Let’s say one commits to buying one third of one’s trading position when a ZBT arrives. Then add another third if market retraces half the gain from the low. If the market then turns up from this minor pullback and makes a higher high from you first purchase level buy the last third. If the market doesn’t turn up but makes a double bottom , buy then with your last third.

    That is an example of an investor that is bearish and hesitating to buy in after markets have rallied. The objective strategy gets them in to some degree with any future outcome.

    How about an investor with an bullish bias? They might go all-in with all their chips when a ZBT arrives but have a ten day moving average exit/rebuy strategy with half (or more) of their investment.

    All this to say, an objective strategy will help overcome one’s biases. Customize it to suit your thinking.

    1. So, market was around 2632, on 11-26-2018 and circa 11-19-2017. We are now at the same point now, give or take.
      Someone who bought the market on 11-26-2018 or on 11-19-2017, bought it with no ZBT signal.
      None of these constitute long term buy signals. Sure, as trading signals, these would likely work, as Cam has show elegantly.
      That said, our focus should be on earnings per share of S&P 500 and monetary policy, market valuation, geopolitical risks and corporate debt (this may be Black Swan event, this time), trade war, consumer confidence, all linked to each other. The question remains here is whether we are going to open the next trap door down, here, at 2634 (50 dma) on the S&P 500. Bear markets are painful affairs, and for now, there has not been enough pain. The metric of pain, can be in Vix level, put to call ratios, bull bear ratios or CNN fear and greed index, but more importantly time. So, how does the average Joe feel, if come 11/2019 and 11/2020, market is at 1550 (50% loss from the peak of 2018)? Would we see 1550 (this number is also the peak of 2000 and 2007 bull markets)? Well, Cam has pointed out Fibonacci retracement of 33% to 2100. If we were to see 2100, emotional selling could well take us down much below 2100.

      1. Excellent points D.V.

        As an investor, that is what I am trying to understand at this juncture. ZBT could be good for trading, however None of the issues that you have mentioned have been squared away. Hence my hesitation on actually believing this bounce. All of the things that really matter, i.e. Earnings, valuation, corporate debt, trade war, Brexit, consumer confidence (which is most surely taking a hit with the shutdown), have not been resolved.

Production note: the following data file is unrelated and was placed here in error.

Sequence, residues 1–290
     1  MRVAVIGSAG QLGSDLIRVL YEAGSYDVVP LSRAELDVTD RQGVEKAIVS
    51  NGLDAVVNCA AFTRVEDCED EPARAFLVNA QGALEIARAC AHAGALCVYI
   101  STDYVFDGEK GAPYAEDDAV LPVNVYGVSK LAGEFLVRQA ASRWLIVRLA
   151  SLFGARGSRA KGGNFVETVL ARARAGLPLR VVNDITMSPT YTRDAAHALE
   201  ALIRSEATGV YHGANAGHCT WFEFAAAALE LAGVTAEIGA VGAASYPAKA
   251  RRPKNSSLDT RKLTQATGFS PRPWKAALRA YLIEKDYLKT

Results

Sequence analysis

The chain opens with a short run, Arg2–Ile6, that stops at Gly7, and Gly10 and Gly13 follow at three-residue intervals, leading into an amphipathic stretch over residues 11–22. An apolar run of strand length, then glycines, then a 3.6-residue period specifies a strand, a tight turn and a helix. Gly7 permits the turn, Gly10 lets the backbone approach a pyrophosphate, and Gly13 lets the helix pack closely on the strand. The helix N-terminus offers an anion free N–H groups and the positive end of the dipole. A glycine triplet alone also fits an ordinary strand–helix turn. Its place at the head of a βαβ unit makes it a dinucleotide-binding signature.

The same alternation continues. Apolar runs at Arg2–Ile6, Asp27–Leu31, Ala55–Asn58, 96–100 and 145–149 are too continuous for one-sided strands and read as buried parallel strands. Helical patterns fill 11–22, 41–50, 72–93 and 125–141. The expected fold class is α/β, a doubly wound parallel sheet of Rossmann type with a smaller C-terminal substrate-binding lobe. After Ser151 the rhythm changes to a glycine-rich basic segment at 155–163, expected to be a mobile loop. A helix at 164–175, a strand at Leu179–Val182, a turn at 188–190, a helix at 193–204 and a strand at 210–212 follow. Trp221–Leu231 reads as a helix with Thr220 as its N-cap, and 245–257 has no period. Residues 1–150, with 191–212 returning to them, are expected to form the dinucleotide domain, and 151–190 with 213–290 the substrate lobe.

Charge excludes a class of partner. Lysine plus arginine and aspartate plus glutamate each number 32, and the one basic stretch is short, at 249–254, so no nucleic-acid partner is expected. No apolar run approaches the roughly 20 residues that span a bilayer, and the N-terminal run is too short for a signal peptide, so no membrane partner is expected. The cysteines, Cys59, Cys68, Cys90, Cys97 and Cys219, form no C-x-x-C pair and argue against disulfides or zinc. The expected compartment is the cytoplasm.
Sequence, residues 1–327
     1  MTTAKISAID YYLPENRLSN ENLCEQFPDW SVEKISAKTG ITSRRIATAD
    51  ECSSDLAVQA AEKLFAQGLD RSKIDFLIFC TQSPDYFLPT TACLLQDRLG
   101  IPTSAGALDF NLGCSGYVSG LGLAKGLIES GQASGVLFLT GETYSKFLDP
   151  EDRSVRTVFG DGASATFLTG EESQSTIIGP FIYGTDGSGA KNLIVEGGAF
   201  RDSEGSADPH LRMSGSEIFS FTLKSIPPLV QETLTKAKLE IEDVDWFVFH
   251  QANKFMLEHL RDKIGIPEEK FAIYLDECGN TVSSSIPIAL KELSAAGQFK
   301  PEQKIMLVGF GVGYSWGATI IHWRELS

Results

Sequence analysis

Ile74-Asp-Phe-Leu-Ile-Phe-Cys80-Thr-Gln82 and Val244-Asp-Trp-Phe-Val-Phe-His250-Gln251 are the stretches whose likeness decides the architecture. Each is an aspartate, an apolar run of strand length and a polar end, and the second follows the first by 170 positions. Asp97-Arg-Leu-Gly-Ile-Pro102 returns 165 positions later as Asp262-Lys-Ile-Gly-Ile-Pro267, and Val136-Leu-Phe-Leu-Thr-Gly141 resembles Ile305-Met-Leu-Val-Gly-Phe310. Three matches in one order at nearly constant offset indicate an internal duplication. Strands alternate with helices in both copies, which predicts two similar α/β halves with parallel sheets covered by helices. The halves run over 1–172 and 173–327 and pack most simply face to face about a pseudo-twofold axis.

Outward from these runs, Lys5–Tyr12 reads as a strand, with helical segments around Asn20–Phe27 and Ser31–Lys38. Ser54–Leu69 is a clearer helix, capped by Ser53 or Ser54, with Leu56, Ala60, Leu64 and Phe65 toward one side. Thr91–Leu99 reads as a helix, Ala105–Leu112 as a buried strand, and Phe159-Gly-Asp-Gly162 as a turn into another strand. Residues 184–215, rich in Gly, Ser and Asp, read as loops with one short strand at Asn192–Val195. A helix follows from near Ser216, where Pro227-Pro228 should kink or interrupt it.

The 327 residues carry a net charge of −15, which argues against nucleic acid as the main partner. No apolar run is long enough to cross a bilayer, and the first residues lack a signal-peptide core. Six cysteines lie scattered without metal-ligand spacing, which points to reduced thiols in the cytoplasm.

I agree with your sentiments, and do believe that “the Pain” has not been felt by the weak hands and they have not capitulated, yet for me to think about a bear market bottom.
        We could both be wrong and Ken might be on to something since he is more of a professional than at least myself. And he has pointed out counter points very well. Maybe this is the Proverbial “Wall of worry”
        I am in a wait and see pattern.
        Thanks again for your contribution to this blog over the last few years.

        1. Mohit
          Stocks returned on an average 17.7%, PER ANNUM from 1980-2000.
          From 2000-2018, the return has been only 5.6% per annum.
          Before getting too comfortable with stocks, think again, if you are getting adequate risk adjusted returns in stocks or not.
          Class A Illinois farmland has appreciated from 3000$ to 12k give or take (8% annualized return), in the same time.
          Physical gold (bullion) has risen from 265$ to 1290$ in the time frame (9% annualized return).
          Understand that Illinois farmland has lost roughly 30% or so value from its peak (my returns are after taking this loss, at current prices). Same for gold, which has lost roughly 30% from its peak. Again, my returns on gold are after the loss, on current prices.
          The question is will current stock prices return historic 8-10% returns in the next decade? If they do, next decade should see massive annualized gains, so that there is a return to mean. If stock prices are random, it is possible that S&P 500, could yield an annualized over 10% return over the next 1-2 decades, so that there is mean reversion to 8-10%. Stocks have created returns with significant volatility, as compared to a widely diversified asset portfolio. For my money, I like to cut risk, as rewards are nebulous. I have done well in the last two decades by limiting exposure to stocks. Academics will tell you otherwise, but 5.6% annualized returns are way sub par, for the risk one would incur on capital. By comparison, a 20 year US treasury bond in 2000 was close to 7% annual yield.
          It is important to measure investment horizons over years and decades, not in months and quarters. Last quarter of 2018 was an anomaly in that respect.

  3. Cam, this has been a great call. Thank you. The sentiment – at least based on market chatter – seems to have reversed quite a bit. Is it time to close some longs in the trading account?